William Davies was a professional photographer who established a number of studios in Melbourne between the 1858 and 1882. Davies was probably born in Manchester, UK and arrived in Melbourne around 1855. He began his photographic career in Australia in the employ of his friend, Walter Woodbury (inventor of the Woodburytype) and the Meade Brothers. Davies purchased the Meades’ business in 1858 and opened his own studio, William Davies and Co at 98 Bourke St, specialising in albumen photography of individuals and local premises. This address was opposite the Theatre Royal, and Davies took advantage of the proximity by selling cartes de visite of famous actors, actresses and opera singers. In 1861, Davies’s firm showed a number of portraits and images of Melbourne and Fitzroy buildings, often with the proprietors standing outside, at the Victorian Exhibition, and then at the 1862 London International Exhibition, where they received honourable mention. Along with actresses and buildings, the company also specialised in carte de visite portraits of Protestant clergymen posed in the act of writing their sermons. From 1862 to 1870 the firm was located at 94A Bourke St, where they shared the premises with the photographers Cox and Luckin.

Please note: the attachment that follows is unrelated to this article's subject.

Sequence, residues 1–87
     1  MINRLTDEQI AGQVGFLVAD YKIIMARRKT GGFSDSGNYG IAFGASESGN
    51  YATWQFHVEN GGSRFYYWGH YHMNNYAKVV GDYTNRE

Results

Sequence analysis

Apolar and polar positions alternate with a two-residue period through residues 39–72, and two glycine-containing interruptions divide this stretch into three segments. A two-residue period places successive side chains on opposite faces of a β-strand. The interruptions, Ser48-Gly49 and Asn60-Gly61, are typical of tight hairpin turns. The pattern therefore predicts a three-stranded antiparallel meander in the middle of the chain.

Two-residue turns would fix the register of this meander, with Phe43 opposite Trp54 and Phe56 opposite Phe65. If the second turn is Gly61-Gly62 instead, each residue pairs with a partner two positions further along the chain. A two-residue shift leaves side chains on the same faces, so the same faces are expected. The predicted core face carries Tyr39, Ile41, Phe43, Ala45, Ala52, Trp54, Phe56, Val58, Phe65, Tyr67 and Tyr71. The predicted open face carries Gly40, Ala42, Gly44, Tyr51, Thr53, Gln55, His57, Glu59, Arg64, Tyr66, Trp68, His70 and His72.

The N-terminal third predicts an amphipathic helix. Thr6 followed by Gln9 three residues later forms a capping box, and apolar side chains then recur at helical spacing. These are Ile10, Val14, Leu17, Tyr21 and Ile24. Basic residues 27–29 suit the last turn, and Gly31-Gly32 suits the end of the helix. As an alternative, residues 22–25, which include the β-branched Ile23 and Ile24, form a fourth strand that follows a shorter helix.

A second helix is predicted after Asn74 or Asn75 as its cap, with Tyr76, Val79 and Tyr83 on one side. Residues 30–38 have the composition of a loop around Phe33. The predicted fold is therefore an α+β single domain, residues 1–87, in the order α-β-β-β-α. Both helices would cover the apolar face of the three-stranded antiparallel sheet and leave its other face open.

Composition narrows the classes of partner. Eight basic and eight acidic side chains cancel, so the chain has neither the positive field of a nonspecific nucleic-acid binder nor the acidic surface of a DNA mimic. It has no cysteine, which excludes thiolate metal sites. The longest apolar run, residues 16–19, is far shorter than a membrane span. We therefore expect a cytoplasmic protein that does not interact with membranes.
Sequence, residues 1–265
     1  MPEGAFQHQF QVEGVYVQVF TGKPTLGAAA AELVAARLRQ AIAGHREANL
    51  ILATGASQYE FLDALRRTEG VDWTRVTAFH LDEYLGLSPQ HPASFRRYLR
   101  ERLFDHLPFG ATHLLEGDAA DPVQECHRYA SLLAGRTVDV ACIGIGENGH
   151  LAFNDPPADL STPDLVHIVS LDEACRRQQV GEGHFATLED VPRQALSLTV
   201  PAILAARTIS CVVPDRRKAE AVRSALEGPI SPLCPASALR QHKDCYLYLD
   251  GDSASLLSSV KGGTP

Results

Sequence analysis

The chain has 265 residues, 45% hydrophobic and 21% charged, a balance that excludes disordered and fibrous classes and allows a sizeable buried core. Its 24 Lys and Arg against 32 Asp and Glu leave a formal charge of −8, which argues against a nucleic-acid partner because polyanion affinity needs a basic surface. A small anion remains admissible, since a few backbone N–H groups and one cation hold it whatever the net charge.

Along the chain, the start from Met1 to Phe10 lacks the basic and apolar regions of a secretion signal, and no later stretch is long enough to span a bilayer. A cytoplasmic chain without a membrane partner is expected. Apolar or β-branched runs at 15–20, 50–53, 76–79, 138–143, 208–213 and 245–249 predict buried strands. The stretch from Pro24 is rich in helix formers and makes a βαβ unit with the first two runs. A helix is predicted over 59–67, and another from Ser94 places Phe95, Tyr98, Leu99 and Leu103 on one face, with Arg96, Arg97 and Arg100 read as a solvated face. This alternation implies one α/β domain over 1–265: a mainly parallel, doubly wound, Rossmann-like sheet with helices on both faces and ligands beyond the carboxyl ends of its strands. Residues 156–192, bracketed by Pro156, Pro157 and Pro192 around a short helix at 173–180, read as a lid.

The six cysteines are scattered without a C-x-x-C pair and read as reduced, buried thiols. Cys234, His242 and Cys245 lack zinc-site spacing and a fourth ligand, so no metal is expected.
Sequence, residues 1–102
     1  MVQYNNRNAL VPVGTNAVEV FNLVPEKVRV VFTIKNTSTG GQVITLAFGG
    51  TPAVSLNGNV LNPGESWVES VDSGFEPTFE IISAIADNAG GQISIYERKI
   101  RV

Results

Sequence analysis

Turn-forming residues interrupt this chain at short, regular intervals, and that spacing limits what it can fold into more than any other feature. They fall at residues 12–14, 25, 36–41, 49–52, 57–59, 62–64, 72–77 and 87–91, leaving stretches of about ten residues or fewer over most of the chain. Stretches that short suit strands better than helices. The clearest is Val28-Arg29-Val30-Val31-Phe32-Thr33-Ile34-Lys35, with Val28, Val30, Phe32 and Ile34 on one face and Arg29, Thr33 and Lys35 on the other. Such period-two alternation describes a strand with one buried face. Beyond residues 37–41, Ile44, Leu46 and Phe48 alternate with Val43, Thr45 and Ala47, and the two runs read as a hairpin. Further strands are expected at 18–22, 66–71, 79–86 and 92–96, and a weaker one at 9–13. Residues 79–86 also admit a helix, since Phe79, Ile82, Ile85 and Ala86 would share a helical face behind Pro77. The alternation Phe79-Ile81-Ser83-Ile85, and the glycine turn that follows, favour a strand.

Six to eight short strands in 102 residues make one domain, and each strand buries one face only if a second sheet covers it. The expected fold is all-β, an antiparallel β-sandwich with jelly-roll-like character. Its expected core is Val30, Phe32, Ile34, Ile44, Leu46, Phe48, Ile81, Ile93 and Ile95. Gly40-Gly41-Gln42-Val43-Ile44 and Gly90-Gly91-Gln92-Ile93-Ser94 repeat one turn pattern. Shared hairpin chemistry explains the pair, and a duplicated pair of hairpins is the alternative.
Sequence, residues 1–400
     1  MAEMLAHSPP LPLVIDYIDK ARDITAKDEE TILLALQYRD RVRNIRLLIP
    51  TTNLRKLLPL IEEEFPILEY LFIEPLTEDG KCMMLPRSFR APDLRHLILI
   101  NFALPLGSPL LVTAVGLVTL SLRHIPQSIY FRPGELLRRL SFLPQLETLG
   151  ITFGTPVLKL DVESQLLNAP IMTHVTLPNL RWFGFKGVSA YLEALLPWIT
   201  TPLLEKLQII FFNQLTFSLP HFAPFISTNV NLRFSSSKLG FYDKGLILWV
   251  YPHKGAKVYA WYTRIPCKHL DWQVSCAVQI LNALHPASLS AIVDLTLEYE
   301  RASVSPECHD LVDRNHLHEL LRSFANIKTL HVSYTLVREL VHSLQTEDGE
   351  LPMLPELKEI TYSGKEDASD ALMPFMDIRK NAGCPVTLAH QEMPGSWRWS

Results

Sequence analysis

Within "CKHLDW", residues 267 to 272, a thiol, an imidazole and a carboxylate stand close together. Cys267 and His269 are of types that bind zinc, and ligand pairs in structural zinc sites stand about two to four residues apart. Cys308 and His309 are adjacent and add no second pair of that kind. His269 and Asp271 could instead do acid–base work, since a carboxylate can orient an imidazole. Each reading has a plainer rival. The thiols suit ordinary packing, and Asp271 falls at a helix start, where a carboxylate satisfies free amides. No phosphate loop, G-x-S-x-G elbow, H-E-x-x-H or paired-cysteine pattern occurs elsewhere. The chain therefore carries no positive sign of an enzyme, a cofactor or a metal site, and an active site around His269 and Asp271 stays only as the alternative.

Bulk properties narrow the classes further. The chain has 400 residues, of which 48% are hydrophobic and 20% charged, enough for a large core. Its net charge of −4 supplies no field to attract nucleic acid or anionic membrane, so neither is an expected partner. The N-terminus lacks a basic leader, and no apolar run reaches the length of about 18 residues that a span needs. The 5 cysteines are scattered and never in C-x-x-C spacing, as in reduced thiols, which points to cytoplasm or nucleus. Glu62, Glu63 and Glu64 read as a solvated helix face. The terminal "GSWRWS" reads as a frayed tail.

A carte de visite is a stiff card of about 10 x 6.4 cm, with an attached paper photograph, invented in 1854 by André-Adolphe-Eugène Disderi. They were introduced into Australia in 1859 by William Blackwood with albums arriving in 1860, aiding the collection and distribution of multiple cartes. Cartes were usually portraits and were made by the millions worldwide. Multi-lens, or ‘multiplying’ cameras were introduced in the 1860s, which were capable of producing from 2 to 32 images in quick succession, dramatically increasing the number of cartes de visite that could be made from a single photographic plate. They were easily reproduced by making paper contact prints from the glass plates, which were then cut and pasted to card.
carte de visite
5.9 x 8.5 cm image; 6.2 x 10.1 cm mount card
Signature & date
Not signed. Not dated.
Not on display